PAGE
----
That one scene and everything it represent is probably the most effective summation of Michael Bay’s extraordinary career.

In a /film interview, screenwriter Ehren Kruger, who has writing credits on three of the four Transformers movies, is quoted as saying that the Michael Bay approach to story is “quasi-experimental”. What would you consider to be ‘experimental’ about Bay’s storytelling and what would you consider to be ‘quasi’?

I’m not sure quasi-experimental is even a word. Wouldn’t that be like being “quasi-pregnant?” I can see where he’s coming from. You can pretty much draw a straight line for early surrealist works like Un Chien Andalou and Transformers: Age of Extinction. But what I think Kruger intended to do with that phrase was underline a statement he makes right before that, “you start to make your peace with the idea that logical sense doesn’t have to be the be-all, end-all. It needs to be amazing fun for the audience. They need to be swept up, and be promised that they’re going to see things that make it worth spending money on a ticket.”

That’s Michael Bay in a nutshell – putting the audience first above all else. If that’s experimental in any way, it’s only because of the selfish self-indulgence of too many helmers these days.

Michael Bay does Little Miss Sunshine. Go!

I’m worried the idea is too small for Bay. Bay movies really work best when there are epic end-of-the-world stakes or at least big themes. His weakest film is probably Bad Boys II, which is a fairly routine cops-vs-drug-cartel story. He’s bored and you can feel how much he’s desperate to amuse himself because he pulls out every bell and whistle in his bag of tricks. It’s every Bay hallmark cranked up to 11. So the first thing he’d toss is the story in it’s entirety. The road trip aspect can stay, though. That’ll give us our car chases. Maybe we’re making a new kind of Cannonball Run here.

LMS is essentially about family. That’s the core ideal that drives it. So you take that, wrap it up in this car race and… oh shit! We just made a new Fast & Furious movie!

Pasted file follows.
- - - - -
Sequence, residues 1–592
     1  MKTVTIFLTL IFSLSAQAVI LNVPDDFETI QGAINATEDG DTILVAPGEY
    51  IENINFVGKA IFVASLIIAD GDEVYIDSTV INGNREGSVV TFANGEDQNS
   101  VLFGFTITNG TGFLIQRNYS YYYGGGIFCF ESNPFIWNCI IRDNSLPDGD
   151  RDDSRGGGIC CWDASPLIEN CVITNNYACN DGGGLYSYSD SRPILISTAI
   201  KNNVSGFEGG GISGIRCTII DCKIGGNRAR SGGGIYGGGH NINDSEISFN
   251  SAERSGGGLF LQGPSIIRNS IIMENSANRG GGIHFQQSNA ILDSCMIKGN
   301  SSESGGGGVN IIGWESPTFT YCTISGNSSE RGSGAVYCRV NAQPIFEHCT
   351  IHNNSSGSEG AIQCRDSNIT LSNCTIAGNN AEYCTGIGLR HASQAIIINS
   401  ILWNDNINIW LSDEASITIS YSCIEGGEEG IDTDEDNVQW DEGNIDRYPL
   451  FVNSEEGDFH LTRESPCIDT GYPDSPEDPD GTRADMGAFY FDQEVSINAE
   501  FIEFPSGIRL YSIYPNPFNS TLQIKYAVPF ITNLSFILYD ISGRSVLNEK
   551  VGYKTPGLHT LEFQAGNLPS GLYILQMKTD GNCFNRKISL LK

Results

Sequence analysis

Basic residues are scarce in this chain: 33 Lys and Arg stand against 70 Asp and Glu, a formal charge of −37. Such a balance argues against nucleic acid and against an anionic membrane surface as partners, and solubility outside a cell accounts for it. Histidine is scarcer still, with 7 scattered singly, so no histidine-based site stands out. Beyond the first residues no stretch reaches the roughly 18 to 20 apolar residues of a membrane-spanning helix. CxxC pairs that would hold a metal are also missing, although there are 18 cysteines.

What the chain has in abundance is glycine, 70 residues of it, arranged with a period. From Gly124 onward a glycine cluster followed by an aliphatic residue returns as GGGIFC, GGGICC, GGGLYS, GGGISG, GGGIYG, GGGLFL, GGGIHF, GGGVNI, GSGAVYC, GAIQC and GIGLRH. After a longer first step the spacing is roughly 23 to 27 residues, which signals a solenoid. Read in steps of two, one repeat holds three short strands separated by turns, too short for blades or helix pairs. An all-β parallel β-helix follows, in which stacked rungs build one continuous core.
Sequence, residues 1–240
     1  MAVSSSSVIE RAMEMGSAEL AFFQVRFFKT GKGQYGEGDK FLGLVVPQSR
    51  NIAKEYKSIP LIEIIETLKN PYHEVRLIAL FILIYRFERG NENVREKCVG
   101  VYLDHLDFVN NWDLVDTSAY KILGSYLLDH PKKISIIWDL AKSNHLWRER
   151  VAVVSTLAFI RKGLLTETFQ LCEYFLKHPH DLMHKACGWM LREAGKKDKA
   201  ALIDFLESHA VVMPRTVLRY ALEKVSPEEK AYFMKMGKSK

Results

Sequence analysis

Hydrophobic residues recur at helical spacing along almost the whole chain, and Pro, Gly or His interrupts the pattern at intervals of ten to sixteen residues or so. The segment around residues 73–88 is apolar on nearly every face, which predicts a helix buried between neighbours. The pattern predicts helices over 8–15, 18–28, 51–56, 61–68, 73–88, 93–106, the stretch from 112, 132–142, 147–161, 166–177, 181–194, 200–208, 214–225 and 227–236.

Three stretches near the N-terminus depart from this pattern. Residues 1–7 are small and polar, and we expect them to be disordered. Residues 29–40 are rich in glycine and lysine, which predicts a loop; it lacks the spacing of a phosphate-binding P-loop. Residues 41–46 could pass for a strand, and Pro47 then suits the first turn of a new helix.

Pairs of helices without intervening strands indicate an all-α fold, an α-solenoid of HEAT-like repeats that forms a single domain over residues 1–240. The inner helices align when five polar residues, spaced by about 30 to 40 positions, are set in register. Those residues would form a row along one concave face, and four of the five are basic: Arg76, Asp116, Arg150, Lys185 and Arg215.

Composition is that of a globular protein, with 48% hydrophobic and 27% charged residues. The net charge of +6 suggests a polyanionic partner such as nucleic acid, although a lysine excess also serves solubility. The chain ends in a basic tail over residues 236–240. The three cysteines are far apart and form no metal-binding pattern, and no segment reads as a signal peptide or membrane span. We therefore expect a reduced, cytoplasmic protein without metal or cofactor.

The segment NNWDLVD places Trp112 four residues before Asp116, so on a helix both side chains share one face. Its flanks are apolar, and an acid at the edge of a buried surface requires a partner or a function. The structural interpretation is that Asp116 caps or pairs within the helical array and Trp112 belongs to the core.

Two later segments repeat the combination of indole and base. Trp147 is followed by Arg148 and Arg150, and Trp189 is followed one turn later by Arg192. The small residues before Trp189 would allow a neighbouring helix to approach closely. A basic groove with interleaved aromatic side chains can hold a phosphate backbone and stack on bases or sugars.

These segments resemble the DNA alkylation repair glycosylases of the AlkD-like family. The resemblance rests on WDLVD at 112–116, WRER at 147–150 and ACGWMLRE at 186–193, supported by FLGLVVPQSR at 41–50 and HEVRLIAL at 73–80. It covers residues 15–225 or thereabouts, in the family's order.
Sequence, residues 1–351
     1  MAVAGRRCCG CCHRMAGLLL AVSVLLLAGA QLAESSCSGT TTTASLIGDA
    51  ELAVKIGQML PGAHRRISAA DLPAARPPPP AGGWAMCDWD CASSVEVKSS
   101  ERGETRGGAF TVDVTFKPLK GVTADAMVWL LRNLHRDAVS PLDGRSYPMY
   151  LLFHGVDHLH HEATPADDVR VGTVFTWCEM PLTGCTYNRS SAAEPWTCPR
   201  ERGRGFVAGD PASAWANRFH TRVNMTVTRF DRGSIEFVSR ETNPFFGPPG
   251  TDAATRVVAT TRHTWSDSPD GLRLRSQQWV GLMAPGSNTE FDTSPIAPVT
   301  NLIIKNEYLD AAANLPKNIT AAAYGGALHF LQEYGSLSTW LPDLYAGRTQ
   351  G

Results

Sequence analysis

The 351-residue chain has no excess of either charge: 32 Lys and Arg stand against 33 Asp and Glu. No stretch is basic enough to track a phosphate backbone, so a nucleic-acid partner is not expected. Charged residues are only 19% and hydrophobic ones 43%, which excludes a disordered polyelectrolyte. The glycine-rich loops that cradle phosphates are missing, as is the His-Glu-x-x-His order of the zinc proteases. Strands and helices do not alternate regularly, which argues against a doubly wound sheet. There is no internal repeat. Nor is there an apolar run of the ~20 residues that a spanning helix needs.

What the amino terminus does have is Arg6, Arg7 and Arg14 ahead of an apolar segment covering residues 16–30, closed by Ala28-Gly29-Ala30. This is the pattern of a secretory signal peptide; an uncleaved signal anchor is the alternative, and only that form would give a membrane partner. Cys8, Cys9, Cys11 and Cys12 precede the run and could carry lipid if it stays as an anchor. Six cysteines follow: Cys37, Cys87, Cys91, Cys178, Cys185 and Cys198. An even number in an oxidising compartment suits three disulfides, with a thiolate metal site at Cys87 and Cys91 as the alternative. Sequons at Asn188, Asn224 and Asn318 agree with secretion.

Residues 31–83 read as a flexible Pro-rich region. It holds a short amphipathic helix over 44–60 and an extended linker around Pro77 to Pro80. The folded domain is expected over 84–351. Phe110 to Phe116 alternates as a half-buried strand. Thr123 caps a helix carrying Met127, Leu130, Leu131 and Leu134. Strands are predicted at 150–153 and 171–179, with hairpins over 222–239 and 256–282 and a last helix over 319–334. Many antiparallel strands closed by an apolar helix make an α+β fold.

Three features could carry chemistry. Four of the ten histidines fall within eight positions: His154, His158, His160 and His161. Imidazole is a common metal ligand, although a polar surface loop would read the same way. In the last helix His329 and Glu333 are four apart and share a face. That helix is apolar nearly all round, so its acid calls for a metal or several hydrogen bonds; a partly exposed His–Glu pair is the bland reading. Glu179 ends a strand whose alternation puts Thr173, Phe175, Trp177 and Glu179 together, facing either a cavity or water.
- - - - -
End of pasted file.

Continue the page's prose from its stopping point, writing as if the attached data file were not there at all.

So if you want to see Michael Bay’s version of Little Miss Sunshine, I’d say Furious 6 comes pretty damn close.

Tomorrow the final part of my Q&A with The Bitter Script Reader about his new book “Michael F-ing Bay: The Unheralded Genius in Michael Bay Films”.

You can buy it for Kindle here and paperback here.

If you’re a fan of The Bitter Script Reader, here is a simple, easy and inexpensive way to show your gratitude for his many years of contributions as an online resource for screenwriters.

Twitter: @BittrScrptReadr.

Your questions for Franklin Leonard

July 7th, 2014 by

I’ve met a lot of talented people in my time working in the movie and TV business, but certainly I’ve found Franklin Leonard to be one of Hollywood’s true bright lights. Occasionally I’ll see if he’s up for some questions from GITS readers and this appears to be a good time. So if you have any questions for Franklin, now’s your chance.

You may want to ask about the Black List. A lot going on there. Check out this list of initiatives launched in the last year:

Cassian Elwes / Sundance Film Festival – Black List

Hasty Pudding Institute Screenwriting Fellowship – Black List

Martin Katz/Toronto International Film Festival – Black List

TBS / TNT – Black List

Walt Disney Studios – Black List

Warner Bros. – Black List

WIGS – Black List

If you’d like more information on any of those or what Franklin’s vision is for the Black List, this is your opportunity to check in with the man himself.

Do you have questions about the state of the movie and TV business? Franklin travels in some very interesting circles re scripted entertainment, so he has a unique insight on current and future trends.

Advice for aspiring writers. His thoughts on resources available online for writers. Heck, you can even ask him questions about the World Cup as he is a huge ‘footy’ fan.

Head to comments, post your questions, and I’ll forward them to Franklin for his responses.

You may follow Franklin via twitter:

@FranklinLeonard

@theblcklst

KCET Spring Cinema Series Q&A’s

March 4th, 2014 by

A heads-up from GITS development assistant Wendy Cohen:

For you L.A. folks — the KCET Cinema Series continues its spring season TONIGHT at 7pm with a screening of the upcoming romantic comedy LE WEEK-END, featuring a Q&A with star Jeff Goldblum following the screening.

For more information, click on More.

(more…)

Q&A: “Philomena”

November 25th, 2013 by

A heads-up from GITS development assistant Wendy Cohen:

For you L.A. folks — the KCET Cinema Series continues its fall season this Tuesday, November 26th at 7pm with a screening of the Coen Brothers’ highly-anticipated INSIDE LLEWYN DAVIS. The quarterly series is hosted by nationally recognized film expert and Deadline Hollywood columnist Pete Hammond. Passes for the Fall 2013 KCET Cinema Series are now on sale. For reservations call 747.201.5800, download and mail the registration form, or buy your season passes online.